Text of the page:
10. Planning for financial independence, or FI. Eff Eye. Being financially independent means that you have enough money coming in to afford your lifestyle without a paycheck. It's roughly equivalent to retirement, except that not everyone who "retires" is financially independent, and not everyone who is FI quits working. This can be achieved in several different ways. Most people have a mix, because it's safer and easier to diversify. There might be rents from properties like a rental house or apartment building. There might be dividends or interest from a portfolio of stocks and bonds. There might be passive income from one or more businesses, website ads, etc. There might be royalties from books, music, or recorded performances like TV commercials. There might be income from a family trust. Note that none of these means of earning income are taught in high school personal finance classes. Also, there is no specific amount of money required for financial independence; it depends on where you live and what your expenses are. Some people would rather quit working as soon as possible and live marginally, while others would rather keep going and live abundantly.
Note that I did not include a category for paying off debt. That's because debt is unnecessary - and irrationally expensive. Yes, it's hard to get an advanced education without debt, but it can be done. Yes, it's hard to buy a house without debt, but it can be done, too. For instance, my husband got his BS, and then the company that hired him paid for his Master's. I worked full-time during my freshman year while taking a full course load of 14 credit-hours, and I paid cash for my tuition and books each term. I was on the Dean's List, too. As for housing, more and more people are building tiny houses without a home loan, and there are distressed areas of the US where it's currently still possible to buy a house for one dollar. The debt we're talking about generally means consumer debt, and we like to be defense lawyers for ourselves when it comes to how necessary our credit card expenses really were. Consumer debt means we didn't have enough in our emergency funds and we didn't put away enough in discretionary savings, either.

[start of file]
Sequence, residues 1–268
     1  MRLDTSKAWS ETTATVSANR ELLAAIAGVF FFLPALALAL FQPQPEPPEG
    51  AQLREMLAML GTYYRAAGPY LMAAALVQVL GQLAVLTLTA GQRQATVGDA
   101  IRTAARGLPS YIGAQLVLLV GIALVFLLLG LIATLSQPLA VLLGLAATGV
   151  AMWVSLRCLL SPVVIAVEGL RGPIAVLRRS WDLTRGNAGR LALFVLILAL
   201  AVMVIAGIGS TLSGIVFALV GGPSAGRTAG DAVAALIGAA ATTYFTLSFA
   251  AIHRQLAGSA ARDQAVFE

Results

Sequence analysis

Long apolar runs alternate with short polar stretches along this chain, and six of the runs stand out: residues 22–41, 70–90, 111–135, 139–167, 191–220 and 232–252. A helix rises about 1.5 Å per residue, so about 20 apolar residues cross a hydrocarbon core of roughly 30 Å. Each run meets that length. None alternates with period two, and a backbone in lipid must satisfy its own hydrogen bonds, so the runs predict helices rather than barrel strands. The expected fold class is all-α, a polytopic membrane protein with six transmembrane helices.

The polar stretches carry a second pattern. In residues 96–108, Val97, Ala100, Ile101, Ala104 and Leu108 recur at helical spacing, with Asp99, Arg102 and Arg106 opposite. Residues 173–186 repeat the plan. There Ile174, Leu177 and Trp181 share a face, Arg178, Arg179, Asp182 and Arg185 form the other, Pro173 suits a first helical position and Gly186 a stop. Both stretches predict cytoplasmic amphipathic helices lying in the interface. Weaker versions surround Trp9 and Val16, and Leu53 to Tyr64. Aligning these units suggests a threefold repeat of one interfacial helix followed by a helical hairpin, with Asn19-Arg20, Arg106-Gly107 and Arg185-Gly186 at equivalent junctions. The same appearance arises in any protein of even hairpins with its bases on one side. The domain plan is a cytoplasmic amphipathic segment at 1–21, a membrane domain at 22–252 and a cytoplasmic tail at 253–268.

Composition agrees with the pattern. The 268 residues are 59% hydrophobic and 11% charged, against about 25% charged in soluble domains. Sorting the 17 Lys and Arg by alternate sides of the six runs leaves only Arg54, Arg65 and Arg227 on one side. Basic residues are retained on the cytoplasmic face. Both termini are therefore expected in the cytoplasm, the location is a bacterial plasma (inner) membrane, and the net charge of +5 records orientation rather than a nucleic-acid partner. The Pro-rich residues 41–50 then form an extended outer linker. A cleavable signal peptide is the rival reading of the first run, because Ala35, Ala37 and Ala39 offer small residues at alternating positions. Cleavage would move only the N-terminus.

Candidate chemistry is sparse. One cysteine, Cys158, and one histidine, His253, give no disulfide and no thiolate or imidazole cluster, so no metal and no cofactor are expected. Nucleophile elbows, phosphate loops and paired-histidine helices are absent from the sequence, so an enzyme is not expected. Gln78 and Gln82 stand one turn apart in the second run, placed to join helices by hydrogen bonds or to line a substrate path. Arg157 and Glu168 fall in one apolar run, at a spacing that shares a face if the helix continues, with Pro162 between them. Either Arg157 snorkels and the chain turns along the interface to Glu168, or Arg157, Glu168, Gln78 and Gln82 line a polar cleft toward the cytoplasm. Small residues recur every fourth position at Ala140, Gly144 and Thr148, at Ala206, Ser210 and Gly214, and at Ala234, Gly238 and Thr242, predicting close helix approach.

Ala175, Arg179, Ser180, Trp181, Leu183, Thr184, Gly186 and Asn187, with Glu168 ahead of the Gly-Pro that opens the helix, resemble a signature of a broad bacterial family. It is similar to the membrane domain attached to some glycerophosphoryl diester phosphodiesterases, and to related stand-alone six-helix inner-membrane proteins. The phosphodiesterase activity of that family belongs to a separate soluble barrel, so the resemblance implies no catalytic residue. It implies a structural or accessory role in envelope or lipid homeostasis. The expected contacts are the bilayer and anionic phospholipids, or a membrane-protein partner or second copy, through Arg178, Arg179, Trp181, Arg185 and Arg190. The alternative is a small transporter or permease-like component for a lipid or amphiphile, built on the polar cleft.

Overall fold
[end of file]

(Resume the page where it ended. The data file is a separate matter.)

The fastest, easiest way to reach financial goals is to earn more money. This usually means paying out of pocket and spending nights and weekends to earn credentials for a new career. Sometimes it means working 80-hour weeks for several years to start your own business, which may or may not succeed. Most people either don't realize there's another way, don't have the desire or energy to try any other ways, or simply lack the imagination to see more intriguing possibilities. We do what everyone else does, which is to live out the status quo and then feel extremely surprised and disappointed when we reach our sixties and understand what "retirement" really looks like.
Setting financial goals past the point of "debt free" involves doing unfamiliar things that the majority are not doing. This makes it uncomfortable, confusing, and sometimes scary. It takes faith. It can be like hiking a mountain trail in the dark with just a flashlight, climbing and climbing, twisting and turning, only able to see a few feet ahead of you, but believing that this trail leads somewhere. Then, suddenly, you find yourself at a higher elevation, and the sun rises on a new day with a vantage point you can't believe you're really seeing. With planning and preparation and training and effort, you got there.
I've been working with chronic disorganization, squalor, and hoarding for over 20 years. I'm also a marathon runner who was diagnosed with fibromyalgia and thyroid disease 17 years ago.